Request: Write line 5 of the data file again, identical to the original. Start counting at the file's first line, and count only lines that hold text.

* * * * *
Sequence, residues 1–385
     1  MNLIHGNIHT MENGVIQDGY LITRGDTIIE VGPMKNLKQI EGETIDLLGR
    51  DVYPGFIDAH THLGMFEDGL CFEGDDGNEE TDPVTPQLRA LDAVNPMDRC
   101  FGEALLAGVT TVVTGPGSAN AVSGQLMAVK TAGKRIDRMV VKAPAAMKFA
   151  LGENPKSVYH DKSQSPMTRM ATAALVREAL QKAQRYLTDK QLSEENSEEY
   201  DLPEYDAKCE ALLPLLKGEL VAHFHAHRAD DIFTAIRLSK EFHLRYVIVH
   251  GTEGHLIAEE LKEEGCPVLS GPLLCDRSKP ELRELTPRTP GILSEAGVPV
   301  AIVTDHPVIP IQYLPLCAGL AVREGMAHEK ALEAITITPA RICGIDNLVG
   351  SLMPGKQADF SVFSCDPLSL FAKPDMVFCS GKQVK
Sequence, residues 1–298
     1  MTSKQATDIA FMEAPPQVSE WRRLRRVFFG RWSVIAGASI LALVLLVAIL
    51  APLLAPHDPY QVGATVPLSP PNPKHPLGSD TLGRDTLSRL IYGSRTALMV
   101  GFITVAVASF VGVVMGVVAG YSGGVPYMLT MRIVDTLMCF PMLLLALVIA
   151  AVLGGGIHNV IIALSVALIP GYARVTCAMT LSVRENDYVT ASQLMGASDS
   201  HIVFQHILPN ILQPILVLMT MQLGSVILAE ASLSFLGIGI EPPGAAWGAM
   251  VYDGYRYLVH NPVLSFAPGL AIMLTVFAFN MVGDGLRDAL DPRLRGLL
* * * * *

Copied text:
   151  LGENPKSVYH DKSQSPMTRM ATAALVREAL QKAQRYLTDK QLSEENSEEY